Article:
What Leaders are Learning

Leaders Persuade

Leadership Spokane is committed to the truism that leaders always learn. Our adult Leadership Class just completed its monthly class, Communication Day, focusing on the servant leadership characteristic “Persuasion.” Robert Greenleaf, author of The Servant As Leader, suggests leaders should commit to persuading or convincing followers versus coercing them. In today’s increasingly polarized world, persuasion becomes harder and harder but the benefits of building a team of conviction strengthens immeasurably when followers are convinced to follow a course of action over being ordered to.
Persuasion is a powerful tool. A study in January of 1995 by Amanda Bennett in the Wall Street Journal found that persuasion in the marketplace is responsible for one quarter of our nation’s GDP. Today, with the power of social media, the impact may be far greater. Dale Carnegie famously said “There is only one way... to get anybody to do anything. And that is by making the other person want to do it.”
The famous book by Robert B. Cialdini entitled Influence: The Psychology of Persuasion posits there are six means to persuade others: reciprocity, commitment, social proof, liking, authority, and scarcity. Reciprocity fits well into the servant leaders’ toolkit as it reminds us that as leaders to gain support from others we must be first able to do something similar in return. In other words, we must give to get. Similarly, commitment from our follower builds when we gain their trust and confidence. Servant leaders by their nature build commitment and liking which helps them when it becomes time to persuade.
Greenleaf’s iconic book The Servant As Leader gives a powerful example of how persuasion can change communities. He cites John Woolman, an American Quaker who lived during the eighteenth century. Woolman spent 30 years traveling from one Quaker farm to another raising questions about the morality of slavery. David Newman in his March 1991 Ministry article “Servant Leadership and Robert Greenleaf” summarizes the point well: “[Woolman] did not argue or storm about. He did not confront or censure the farmers. He simply asked such questions as What does the owning of slaves do to you as a moral person? and What kind of an institution are you leaving for your children? Because of his gentle persuasion, Quakers became the first religious group to forbid the holding of slaves by its members this some 100 years before the civil war. Greenleaf wonders what America would have been like if there had been 50, or even five, John Woolman’s presenting their gentle, nonjudgmental arguments. A few such people might have brought an end to slavery without the Civil War. Leadership by persuasion has the virtue of depending upon conviction rather than coercion.”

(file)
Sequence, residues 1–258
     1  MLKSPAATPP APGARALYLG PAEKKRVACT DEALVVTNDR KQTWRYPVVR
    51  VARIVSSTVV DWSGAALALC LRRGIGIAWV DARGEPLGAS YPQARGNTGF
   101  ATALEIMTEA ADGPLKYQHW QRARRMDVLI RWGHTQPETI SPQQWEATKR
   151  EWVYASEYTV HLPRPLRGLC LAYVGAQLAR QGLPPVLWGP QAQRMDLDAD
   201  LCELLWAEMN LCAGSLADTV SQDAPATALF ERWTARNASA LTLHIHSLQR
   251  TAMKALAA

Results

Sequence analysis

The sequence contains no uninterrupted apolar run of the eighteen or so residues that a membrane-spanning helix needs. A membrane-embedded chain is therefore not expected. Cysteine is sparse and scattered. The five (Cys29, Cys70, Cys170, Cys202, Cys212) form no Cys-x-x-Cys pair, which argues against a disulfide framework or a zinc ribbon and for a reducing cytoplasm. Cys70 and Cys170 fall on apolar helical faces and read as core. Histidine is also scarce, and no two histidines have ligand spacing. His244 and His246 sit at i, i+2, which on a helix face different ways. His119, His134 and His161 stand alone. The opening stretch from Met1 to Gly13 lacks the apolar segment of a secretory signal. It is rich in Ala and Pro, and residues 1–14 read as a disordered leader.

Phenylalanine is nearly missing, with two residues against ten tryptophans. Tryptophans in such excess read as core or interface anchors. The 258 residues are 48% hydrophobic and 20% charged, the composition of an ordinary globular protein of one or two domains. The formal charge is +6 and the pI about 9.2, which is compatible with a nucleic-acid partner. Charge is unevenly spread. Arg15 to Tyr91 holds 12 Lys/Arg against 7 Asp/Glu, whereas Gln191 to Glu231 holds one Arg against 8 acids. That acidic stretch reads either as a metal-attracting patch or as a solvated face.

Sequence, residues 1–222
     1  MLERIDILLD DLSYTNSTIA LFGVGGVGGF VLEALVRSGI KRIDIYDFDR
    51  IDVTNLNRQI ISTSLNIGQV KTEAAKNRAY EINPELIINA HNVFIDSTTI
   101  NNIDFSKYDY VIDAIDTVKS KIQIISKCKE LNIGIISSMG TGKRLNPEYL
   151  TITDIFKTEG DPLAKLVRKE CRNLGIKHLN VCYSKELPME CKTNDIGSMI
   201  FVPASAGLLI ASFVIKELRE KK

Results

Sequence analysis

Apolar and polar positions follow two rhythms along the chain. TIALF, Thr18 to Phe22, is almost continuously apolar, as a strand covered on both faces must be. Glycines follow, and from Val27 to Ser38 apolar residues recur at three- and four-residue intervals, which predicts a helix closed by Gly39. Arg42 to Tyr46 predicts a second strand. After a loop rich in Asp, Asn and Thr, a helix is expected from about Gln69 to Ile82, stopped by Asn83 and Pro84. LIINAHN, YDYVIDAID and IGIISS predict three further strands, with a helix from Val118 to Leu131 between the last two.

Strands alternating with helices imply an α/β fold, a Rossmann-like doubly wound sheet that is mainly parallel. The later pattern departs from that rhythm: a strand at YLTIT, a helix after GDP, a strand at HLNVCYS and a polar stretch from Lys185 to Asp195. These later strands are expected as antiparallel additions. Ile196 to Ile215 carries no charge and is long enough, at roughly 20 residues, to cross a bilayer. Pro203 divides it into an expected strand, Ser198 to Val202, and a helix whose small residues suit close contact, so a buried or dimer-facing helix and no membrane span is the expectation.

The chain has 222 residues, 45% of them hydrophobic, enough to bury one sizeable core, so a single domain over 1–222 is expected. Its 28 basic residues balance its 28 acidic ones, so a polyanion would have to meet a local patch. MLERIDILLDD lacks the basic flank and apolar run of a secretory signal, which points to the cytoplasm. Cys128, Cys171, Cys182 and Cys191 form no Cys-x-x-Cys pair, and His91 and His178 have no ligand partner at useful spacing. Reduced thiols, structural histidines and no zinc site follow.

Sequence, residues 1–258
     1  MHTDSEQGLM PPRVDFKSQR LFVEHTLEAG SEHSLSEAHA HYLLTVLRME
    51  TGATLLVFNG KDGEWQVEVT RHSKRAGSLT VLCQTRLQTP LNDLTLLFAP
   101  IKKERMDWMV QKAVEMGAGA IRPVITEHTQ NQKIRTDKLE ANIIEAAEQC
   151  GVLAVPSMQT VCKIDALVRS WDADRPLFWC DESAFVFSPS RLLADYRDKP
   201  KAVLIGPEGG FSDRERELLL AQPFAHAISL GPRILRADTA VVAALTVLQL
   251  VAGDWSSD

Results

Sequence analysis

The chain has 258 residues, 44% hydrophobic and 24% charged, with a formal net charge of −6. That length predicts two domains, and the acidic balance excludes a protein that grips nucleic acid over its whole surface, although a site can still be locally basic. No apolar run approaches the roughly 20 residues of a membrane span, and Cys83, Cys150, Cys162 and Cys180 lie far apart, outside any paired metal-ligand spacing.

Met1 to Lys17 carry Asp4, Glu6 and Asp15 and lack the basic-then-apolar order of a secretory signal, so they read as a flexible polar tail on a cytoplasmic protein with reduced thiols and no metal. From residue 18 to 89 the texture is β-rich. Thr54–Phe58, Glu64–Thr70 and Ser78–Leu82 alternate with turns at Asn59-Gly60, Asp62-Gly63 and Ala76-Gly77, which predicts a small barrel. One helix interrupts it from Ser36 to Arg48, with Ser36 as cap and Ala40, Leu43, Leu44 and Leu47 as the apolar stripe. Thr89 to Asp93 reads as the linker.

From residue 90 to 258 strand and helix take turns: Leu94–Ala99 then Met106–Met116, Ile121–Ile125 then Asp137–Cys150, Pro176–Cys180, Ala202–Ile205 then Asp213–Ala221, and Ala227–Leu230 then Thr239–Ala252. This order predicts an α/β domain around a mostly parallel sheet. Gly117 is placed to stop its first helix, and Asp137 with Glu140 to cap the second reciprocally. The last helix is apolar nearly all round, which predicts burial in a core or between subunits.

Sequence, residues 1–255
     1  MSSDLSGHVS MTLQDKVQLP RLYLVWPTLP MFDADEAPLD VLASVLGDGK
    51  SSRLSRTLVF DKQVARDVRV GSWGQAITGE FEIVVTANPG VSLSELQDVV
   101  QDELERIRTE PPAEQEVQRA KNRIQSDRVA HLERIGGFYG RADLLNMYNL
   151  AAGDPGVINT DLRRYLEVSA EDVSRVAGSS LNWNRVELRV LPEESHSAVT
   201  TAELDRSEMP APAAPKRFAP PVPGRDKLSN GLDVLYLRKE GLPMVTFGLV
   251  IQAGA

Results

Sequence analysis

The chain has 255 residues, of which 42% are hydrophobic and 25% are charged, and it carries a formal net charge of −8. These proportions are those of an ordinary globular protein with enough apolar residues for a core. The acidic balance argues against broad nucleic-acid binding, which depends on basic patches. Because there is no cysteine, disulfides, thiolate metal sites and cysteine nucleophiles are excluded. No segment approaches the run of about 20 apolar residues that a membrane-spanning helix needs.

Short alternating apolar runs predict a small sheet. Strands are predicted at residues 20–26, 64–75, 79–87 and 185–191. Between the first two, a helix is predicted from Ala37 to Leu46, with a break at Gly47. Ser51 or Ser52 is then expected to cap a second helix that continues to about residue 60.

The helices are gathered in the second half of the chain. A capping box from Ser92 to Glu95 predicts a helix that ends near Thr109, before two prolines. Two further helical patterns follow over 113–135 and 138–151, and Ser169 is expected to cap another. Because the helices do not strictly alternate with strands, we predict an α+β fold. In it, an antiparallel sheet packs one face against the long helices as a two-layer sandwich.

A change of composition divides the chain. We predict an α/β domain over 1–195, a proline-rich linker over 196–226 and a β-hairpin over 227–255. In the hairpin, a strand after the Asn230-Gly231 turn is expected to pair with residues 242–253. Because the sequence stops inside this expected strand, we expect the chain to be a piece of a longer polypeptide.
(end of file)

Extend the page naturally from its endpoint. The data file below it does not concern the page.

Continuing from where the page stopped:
Leaders who are authentic and trusted and whose heart is motivated by a service to others follow in the footsteps of Woolman. The good news is most issues we face today do not have the gravity of slavery so our ability to persuade faces less pressure. Persuasion starts with reciprocity and commitment and ends with authority if need be. In between, servant leaders need to connect and slowly make the case. 2018 is soon upon us. My new year’s resolution will be to seek persuasion over coercion next year. It is a pathway to peaceful resolution and new beginnings—it is a noble endeavor. Leaders persuade for good reason!
The most important persuasion tool you have in your entire arsenal is your integrity. ~ Zig Ziglar